Editor’s Note: This review contains spoilers for “Hawkeye.”
Continuing its highly popular Disney+ series lineup, Marvel released the first two episodes of “Hawkeye” on Nov. 24. In this new series, viewers are introduced to 22-year-old Kate Bishop (Hailee Steinfeld) — a master archer and elegantly skilled fighter expected to take on the mantle of ‘Hawkeye’ in future Marvel Cinematic Universe (MCU) projects.
The first episode, “Never Meet Your Heroes,” is delivered vividly similar to that of “The Falcon and the Winter Soldier.” It lays the foundation for the series, while illustrating Clint Barton (Jeremy Renner) and Bishop’s separate priorities before bringing the two together by the end of the episode. It also outlines the theme of redemption and forgiveness that Barton is so desperately seeking in order to fully commit to retiring his identity as the infamous Avenger ‘Hawkeye’.
While having read the comics is not necessary in understanding the events portrayed throughout the series, it is crucial to have seen all MCU films that include the character of Barton. The most pivotal films being 2019’s “Avengers: Endgame” and 2012’s “The Avengers” — the film that first introduced Barton as ‘Hawkeye.’ The series begins with a scene from “The Avengers,” establishing Barton as Bishop’s role model as viewers see that he saved her from being killed by the Chitauri — an army ordered to assist Loki in conquering Earth and stealing the Tesseract.
Both this episode and the second, “Hide and Seek,” are emotionally-driven and packed with action, immediately allowing viewers to become both heavily invested in the show and attached to the characters. Similar to Disney+’s “WandaVision” and “The Falcon and the Winter Soldier,” the series also includes comedic elements and potentially foreshadows upcoming villains in the MCU, such as Bishops future step-father Jack Duquesne (Tony Dalton).
The premise follows life after “Avengers: Endgame” and the detrimental toll Barton will face from his dark past as Ronin — the identity he had acquired to mirror the trauma he endured from the “blipping” of his wife and children by Thanos in “Avengers: Endgame.”
Thanks to the heroism Barton exhibited during the battle of New York against the Chitauri, Bishop sought out archery and became an active student in the world of martial arts.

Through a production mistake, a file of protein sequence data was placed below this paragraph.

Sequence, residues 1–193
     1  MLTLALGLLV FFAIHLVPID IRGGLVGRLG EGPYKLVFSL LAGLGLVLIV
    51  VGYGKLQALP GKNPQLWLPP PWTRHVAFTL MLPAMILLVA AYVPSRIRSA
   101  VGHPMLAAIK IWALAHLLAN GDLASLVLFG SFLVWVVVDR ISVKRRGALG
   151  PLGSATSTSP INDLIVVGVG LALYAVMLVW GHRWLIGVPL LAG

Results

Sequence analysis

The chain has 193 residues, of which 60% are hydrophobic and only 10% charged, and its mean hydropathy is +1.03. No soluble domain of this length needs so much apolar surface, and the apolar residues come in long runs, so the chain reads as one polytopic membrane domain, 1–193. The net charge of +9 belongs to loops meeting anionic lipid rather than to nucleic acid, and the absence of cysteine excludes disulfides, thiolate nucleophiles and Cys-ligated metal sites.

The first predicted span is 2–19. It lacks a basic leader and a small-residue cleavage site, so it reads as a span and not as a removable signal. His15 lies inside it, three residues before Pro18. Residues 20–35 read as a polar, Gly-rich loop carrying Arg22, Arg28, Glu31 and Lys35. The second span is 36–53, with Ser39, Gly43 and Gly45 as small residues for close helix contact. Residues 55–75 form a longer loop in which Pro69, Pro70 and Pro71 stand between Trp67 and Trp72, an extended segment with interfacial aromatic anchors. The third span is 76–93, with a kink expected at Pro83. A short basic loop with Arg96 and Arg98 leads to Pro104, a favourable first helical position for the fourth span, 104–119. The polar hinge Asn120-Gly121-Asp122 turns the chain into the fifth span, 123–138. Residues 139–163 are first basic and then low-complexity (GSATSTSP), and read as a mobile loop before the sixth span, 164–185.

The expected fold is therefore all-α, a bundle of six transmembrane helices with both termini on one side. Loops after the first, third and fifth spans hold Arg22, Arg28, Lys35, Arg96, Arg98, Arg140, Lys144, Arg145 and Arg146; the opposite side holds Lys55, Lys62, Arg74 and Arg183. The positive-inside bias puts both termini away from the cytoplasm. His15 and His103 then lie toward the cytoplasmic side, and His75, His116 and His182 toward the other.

“I need a bow and arrow,” Bishop says to her mom at her dad’s funeral.
With the goal of becoming protector of her family, “Hawkeye” will undoubtedly feature her as the primary bowman. The first two episodes have yet to include Barton with his signature bow and arrow, only Bishop.
The series seems to highlight Barton as a dad, establishing his priority of becoming a more present and active father to his three kids. He is first shown watching a broadway play with his kids titled “Rogers: The Musical,” where it is apparent that he still mourns the loss of Steve Rogers/Captain America (Chris Evans), Tony Stark/Iron Man (Robert Downey Jr.) and Natasha Romanoff/Black Widow (Scarlett Johansson). This scene also suggests that Barton has experienced loss of hearing due to the fact he actively wears a hearing aid. Though he eventually encounters Bishop and makes the decision to extend his stay in New York City, his main concern entails making amends with those he wronged under the pseudonym Ronin in order to completely retire from the world of avenging — evidently concluding his role as ‘Hawkeye,’ passing along the title to Bishop herself.
“Hawkeye” is set in December of 2024, one year after the events of “Avengers: Endgame.” Viewers are immediately intrigued by the bond Bishop and Barton find themselves forming, ultimately matching the energy of another MCU duo — Peter Parker/Spider-Man (Tom Holland) and Tony Stark. Stark and Barton seem to both find themselves serving as the father-figure in both of these young adult’s lives, acting as both mentor and hero. As prevalent in “Spider-Man: Homecoming” and “Avengers: Infinity War” with the joining of Stark and Parker, Barton finds himself teaming up in an effort to erase Ronin once and for all, while equally attempting to save Bishop from the Tracksuit Mafia who seem to think she was responsible for the killings done at the hand of Barton as Ronin.
With the premise so far following the haunted past of Ronin, it is evident that “Hawkeye” will dive deeper into the life of Barton, introducing viewers to a new version of the character — one that is fully-fleshed out and complex. The ending of the second episode equally assumed the bond that has clearly formed between him and Bishop and the significant role she will play in shaping the character of Barton. Viewers can catch up on the Disney+ streaming service now and tune in every Wednesday to witness the dangerous adventures the duo find themselves embarking on.
McKenzie Boney is an Entertainment Staff Writer. She can be reached at email@example.com.